To faith and hope and joy and peace.

 

worship

 

 

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Performance or Worship?

 

With our Christmas cantata barely over, and Easter coming up soon, it seems appropriate to re-post this blog article from 2013.

Choir June 15 2014

“…with gratitude in your hearts sing psalms, hymns, and spiritual songs to God.”  Colossians 3:16b

 

Performance: putting your best presentation forward to please the audience.
Worship: stripping away what you bring and seeing what God provides.

Performance: using your talent to entertain an audience.
Worship: using your gifts to share God’s word with others.

Performance: hyping up an audience, getting them thinking about what a great song they just heard.
Worship: preparing the audience, focusing them on the upcoming teaching on God’s word.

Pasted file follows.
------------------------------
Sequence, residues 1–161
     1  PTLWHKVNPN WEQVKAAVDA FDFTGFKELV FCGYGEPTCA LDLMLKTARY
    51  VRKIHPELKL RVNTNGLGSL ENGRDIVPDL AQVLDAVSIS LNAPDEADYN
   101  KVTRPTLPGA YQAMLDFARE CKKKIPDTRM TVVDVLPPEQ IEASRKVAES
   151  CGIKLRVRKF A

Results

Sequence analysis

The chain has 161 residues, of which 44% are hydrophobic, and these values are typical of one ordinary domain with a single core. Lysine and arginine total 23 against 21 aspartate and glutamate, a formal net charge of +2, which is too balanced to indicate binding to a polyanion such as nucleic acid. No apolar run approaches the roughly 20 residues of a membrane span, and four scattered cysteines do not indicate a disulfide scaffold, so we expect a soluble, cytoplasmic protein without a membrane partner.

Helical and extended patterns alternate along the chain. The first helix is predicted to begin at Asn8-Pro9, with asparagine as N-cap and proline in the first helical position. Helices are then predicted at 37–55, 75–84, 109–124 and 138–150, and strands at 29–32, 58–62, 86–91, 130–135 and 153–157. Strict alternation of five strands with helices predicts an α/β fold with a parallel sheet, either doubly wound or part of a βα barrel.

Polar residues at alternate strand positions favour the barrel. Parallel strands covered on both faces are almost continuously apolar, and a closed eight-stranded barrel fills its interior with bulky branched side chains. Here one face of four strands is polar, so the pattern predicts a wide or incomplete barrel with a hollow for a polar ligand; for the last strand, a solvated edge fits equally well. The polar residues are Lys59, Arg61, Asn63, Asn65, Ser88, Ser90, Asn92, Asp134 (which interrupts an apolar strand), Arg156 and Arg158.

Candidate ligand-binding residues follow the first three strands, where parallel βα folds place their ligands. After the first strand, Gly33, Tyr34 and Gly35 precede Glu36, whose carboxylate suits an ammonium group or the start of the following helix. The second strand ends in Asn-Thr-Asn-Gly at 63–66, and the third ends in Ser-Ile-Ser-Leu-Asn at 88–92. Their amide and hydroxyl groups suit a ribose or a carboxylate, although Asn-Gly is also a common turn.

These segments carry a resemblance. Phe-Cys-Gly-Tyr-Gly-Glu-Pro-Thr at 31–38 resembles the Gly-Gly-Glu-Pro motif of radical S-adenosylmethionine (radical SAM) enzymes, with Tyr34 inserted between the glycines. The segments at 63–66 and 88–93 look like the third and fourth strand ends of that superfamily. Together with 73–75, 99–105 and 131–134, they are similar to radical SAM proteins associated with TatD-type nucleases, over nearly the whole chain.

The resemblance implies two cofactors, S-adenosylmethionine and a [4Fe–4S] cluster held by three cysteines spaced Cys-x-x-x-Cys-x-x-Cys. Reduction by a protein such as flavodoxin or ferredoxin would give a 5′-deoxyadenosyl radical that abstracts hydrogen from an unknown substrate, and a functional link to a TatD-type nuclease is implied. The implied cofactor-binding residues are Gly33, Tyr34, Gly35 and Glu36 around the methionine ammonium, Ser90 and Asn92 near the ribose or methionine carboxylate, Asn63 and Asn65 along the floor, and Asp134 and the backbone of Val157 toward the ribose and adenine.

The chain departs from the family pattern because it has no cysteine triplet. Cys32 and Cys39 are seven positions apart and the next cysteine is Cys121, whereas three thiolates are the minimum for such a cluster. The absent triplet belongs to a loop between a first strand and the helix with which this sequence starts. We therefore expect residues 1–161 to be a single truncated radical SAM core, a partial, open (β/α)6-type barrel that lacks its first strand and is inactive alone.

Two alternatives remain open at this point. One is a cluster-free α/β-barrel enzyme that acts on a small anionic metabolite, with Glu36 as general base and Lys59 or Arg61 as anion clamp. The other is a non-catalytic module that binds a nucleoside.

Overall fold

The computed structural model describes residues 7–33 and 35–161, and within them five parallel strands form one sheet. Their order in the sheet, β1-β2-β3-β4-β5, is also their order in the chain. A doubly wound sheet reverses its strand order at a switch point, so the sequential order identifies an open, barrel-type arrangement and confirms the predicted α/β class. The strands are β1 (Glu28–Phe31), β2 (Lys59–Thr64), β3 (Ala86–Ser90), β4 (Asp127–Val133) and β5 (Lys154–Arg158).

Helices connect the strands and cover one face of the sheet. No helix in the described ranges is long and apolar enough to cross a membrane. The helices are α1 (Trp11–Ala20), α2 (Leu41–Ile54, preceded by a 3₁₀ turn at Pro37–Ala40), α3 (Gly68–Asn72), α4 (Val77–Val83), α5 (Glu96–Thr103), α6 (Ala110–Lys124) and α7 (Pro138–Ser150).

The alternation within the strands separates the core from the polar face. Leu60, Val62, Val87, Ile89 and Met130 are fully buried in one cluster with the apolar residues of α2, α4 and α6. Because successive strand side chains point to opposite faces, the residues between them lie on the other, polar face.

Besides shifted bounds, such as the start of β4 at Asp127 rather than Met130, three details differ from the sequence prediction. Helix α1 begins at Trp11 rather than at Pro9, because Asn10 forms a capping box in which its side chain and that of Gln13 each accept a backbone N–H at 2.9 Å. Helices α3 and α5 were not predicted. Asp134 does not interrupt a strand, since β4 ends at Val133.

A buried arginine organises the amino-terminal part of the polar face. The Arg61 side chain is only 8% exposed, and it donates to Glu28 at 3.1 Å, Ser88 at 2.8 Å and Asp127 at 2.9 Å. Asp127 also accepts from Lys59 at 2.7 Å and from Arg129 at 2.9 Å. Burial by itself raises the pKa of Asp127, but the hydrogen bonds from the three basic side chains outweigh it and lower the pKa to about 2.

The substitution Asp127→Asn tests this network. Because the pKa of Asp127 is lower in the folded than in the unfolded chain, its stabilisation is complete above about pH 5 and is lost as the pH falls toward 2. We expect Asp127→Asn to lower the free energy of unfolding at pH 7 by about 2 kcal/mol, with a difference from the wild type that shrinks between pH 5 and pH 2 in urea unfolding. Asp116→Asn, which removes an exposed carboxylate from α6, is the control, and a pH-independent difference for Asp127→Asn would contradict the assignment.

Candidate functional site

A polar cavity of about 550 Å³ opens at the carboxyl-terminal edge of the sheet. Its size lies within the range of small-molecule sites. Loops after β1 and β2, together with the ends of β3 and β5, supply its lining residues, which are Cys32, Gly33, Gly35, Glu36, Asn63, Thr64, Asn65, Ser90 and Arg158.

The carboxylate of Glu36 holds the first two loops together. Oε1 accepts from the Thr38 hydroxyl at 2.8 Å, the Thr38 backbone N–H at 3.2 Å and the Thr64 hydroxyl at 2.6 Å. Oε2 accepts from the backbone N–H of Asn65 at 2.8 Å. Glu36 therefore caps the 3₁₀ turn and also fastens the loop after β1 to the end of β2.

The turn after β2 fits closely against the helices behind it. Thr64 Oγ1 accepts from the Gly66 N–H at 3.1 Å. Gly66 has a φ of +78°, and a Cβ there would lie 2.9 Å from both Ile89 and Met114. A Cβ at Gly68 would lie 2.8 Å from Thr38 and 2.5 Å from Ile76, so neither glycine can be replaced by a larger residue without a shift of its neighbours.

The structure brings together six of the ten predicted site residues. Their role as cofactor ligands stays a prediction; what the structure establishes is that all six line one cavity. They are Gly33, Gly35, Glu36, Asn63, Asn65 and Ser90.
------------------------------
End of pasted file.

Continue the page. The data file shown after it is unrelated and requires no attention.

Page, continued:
Performance: fireworks on stage.
Worship: fire in our hearts.

Performance: spotlight on the performer.
Worship: an inner light that can’t be hidden.

Performance: band of professionals.
Worship: body of Christ.

Performance: no empty chairs = success.
Worship: overflowing hearts on/off the stage = God showed up.

Performance: “Great job, guys…what’s on the schedule for next week?”
Worship: “I felt so close to you today, God…when do we get to do this again?”

 

(Adapted from “My view of the [church] stage” by Heather Cohick Cardy)